Ann Gilbert

From Wikipedia, the free encyclopedia
Jump to navigation Jump to search
Mrs. Gilbert

Ann Gilbert (October 21, 1821 – December 2, 1904) professionally billed as Mrs. G. H. Gilbert was a British actress.

She was born Anne Jane Hartley at Rochdale, Lancashire, England. At fifteen she was a pupil at the ballet school connected with Her Majesty's Theatre, in the Haymarket, conducted by Paul Taglioni, and became a dancer. Her first conspicuous appearance on stage was made as a dancer, in the Norwich theatrical circuit, England, in 1845. In 1846 she married George H. Gilbert (d. 1866), a performer in the theatre company of which she was a member. Together they filled many engagements in English theatres, moving to America in 1849.[1]

Her first 15 years in America were spent in inland cities such as Chicago, Cleveland, and Cincinnati.[citation needed] Mrs Gilbert's first success in a speaking part was in 1857 as Wichavenda in John Brougham's Po-ca-hon-tas.[1]

One of the most brilliant and decisive successes of her professional life was gained at the Broadway Theatre[2] where, on 5 August 1867, Mr. and Mrs. W. J. Florence presented Thomas William Robertson's comedy Caste, for the first time in America.[3] On leaving the Broadway she went to Daly's Fifth Avenue Theatre on Twenty-fourth Street[4] with Robertson's comedy of Play. The cast included E. L. Davenport, George Holland, William Davidge, J. L. Polk, Agnes Ethel, and George Clarke. Mrs. Gilbert played Mrs. Kinpeck.[5] For many years she played opposite James Lewis as his "wife", or playing old women's parts, in which she had no equal.[1]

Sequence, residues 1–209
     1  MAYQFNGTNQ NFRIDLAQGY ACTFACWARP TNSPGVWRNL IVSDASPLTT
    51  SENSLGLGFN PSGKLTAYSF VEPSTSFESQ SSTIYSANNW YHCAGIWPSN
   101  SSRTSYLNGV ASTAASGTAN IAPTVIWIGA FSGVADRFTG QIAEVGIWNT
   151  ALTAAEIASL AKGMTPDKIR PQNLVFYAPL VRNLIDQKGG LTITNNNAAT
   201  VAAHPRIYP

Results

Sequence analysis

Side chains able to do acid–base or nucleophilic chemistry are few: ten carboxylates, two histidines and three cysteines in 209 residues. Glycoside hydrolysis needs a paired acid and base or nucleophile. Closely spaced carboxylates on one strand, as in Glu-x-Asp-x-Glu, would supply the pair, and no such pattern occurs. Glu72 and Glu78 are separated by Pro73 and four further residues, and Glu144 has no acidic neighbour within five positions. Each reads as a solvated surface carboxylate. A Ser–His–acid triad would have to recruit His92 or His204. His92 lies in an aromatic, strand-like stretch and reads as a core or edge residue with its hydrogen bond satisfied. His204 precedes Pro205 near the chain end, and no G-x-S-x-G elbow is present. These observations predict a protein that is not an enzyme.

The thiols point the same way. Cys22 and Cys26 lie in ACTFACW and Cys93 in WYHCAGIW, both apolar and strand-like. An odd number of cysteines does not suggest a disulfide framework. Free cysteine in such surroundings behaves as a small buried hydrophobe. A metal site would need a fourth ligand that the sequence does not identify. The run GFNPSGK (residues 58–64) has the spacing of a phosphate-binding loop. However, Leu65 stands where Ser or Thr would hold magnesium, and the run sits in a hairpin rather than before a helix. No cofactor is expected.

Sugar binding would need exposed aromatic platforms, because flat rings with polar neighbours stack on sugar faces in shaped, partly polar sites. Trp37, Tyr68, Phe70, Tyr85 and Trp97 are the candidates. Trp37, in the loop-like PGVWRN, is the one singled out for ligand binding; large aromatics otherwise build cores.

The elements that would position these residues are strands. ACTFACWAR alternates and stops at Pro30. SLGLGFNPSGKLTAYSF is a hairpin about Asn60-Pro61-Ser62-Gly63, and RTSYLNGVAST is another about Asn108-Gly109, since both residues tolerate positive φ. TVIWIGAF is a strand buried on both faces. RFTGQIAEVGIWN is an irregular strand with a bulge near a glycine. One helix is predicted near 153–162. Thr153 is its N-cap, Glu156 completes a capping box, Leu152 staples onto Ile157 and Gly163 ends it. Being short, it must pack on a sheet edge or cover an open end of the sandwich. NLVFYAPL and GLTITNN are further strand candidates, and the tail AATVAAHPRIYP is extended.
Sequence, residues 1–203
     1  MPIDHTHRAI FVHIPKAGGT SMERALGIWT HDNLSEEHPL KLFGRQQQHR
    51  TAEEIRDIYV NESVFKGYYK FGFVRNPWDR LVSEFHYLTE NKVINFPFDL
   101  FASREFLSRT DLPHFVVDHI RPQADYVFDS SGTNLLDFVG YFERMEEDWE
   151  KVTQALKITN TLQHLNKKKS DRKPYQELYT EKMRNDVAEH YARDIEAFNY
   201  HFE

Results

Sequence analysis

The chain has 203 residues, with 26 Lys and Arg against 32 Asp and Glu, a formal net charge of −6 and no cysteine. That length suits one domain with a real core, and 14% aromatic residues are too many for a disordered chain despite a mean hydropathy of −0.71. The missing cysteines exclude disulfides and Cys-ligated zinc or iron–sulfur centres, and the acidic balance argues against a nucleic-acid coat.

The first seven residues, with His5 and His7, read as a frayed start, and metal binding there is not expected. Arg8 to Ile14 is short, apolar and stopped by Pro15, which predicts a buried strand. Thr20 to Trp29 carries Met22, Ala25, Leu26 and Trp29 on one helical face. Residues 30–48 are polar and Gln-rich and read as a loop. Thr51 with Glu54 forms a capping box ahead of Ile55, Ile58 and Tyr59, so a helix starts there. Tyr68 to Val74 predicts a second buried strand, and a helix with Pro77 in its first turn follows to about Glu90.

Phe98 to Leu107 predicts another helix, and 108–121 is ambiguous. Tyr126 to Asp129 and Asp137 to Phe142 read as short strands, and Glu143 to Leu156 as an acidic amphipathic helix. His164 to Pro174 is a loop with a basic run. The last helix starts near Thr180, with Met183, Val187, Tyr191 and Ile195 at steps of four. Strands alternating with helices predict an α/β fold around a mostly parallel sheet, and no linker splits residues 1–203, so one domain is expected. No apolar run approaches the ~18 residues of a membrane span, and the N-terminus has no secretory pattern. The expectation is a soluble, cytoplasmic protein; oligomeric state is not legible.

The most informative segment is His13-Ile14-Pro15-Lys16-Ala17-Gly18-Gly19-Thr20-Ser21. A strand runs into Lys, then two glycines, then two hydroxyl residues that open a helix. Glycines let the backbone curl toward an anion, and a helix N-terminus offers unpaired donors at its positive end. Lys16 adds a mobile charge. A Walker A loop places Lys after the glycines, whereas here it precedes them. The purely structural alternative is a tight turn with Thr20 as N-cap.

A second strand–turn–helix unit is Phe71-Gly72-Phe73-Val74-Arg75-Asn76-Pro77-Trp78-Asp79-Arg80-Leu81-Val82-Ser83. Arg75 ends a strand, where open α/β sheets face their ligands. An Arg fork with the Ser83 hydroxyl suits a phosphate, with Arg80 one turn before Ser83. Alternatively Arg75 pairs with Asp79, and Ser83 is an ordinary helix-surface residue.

After Mr. Daly's death in 1899 she came under Charles Frohman's management and later became a member of Annie Russell's company. On October 24, 1904, at the New Lyceum Theatre, Mrs. Gilbert made her first appearance as a star, being then in the eighty-second year of her age, in a play, by Clyde Fitch, called Granny with a young Marie Doro in one of her earliest roles. Granny was announced as her farewell role and she read a special poem composed by Fitch at the end of each performance. Her final New York appearance occurred at the Lyceum on November 12, 1904. She acted for fifty-four years (after five years as a dancer), and she remained in active employment to the last. Mrs Gilbert was uniquely respected and popular, both with audiences and behind the footlights. She performed last on December 1 three days after Granny opened in Chicago,[6] and died there on the following day from a brain hemorrhage.

References[edit]

  1. ^ a b c  One or more of the preceding sentences incorporates text from a publication now in the public domainChisholm, Hugh, ed. (1911). "Gilbert, Ann". Encyclopædia Britannica. 20 (11th ed.). Cambridge University Press. p. 7.
  2. ^ The Broadway Theatre, located on Broadway near Broome St., operated under that name from 1864 until it was torn down in 1869. Brown, v.I, p. 523.
  3. ^ Brown, v.I, p. 518.
  4. ^ On the site of the subsequent Madison Square Theatre.
  5. ^ Brown, v.II, pp. 404-405.
  6. ^ Mantle and Sherwood, p. 471.

Bibliography[edit]

  • [1] Brown, Thomas Allston, A History of the New York Stage from the Earliest Performances in 1732 to 1901, Vol. I, New York: Dodd Mead & Co., 1903.
  • [2] Brown, Thomas Allston, A History of the New York Stage from the Earliest Performances in 1732 to 1901, Vol. II, New York: Dodd Mead & Co., 1903.
  • [3] Gilbert, Anne Hartley, ed. by Charlotte M. Martin, The Stage Reminiscences of Mrs. Gilbert, New York: C. Scribner's Sons, 1901.
  • Mantle, Burns, and Garrison P. Sherwood, eds., The Best Plays of 1899-1909, Philadelphia: The Blakiston Company, 1944.
  • [4] Winter, William, The Wallet of Time, New York: Moffat, Yard and Company, 1913, pp. 198–214.

External links[edit]

Gallery of Players vol.1-9